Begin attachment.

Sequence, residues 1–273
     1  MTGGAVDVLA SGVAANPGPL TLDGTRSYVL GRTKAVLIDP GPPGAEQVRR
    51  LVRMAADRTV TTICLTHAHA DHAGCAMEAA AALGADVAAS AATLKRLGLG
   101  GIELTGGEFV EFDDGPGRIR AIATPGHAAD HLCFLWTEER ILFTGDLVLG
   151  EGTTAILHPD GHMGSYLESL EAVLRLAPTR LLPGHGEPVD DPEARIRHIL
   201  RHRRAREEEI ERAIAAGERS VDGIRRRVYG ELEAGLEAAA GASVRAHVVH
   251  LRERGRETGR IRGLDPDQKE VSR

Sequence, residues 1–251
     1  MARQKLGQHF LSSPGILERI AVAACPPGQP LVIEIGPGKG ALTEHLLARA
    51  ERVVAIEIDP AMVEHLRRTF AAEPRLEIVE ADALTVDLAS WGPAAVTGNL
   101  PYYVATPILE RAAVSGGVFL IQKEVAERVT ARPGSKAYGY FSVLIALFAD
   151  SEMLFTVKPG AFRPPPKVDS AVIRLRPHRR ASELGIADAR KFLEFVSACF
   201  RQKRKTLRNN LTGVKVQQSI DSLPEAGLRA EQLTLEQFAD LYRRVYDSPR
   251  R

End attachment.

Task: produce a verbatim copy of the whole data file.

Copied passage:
Sequence, residues 1–273
     1  MTGGAVDVLA SGVAANPGPL TLDGTRSYVL GRTKAVLIDP GPPGAEQVRR
    51  LVRMAADRTV TTICLTHAHA DHAGCAMEAA AALGADVAAS AATLKRLGLG
   101  GIELTGGEFV EFDDGPGRIR AIATPGHAAD HLCFLWTEER ILFTGDLVLG
   151  EGTTAILHPD GHMGSYLESL EAVLRLAPTR LLPGHGEPVD DPEARIRHIL
   201  RHRRAREEEI ERAIAAGERS VDGIRRRVYG ELEAGLEAAA GASVRAHVVH
   251  LRERGRETGR IRGLDPDQKE VSR

Sequence, residues 1–251
     1  MARQKLGQHF LSSPGILERI AVAACPPGQP LVIEIGPGKG ALTEHLLARA
    51  ERVVAIEIDP AMVEHLRRTF AAEPRLEIVE ADALTVDLAS WGPAAVTGNL
   101  PYYVATPILE RAAVSGGVFL IQKEVAERVT ARPGSKAYGY FSVLIALFAD
   151  SEMLFTVKPG AFRPPPKVDS AVIRLRPHRR ASELGIADAR KFLEFVSACF
   201  RQKRKTLRNN LTGVKVQQSI DSLPEAGLRA EQLTLEQFAD LYRRVYDSPR
   251  R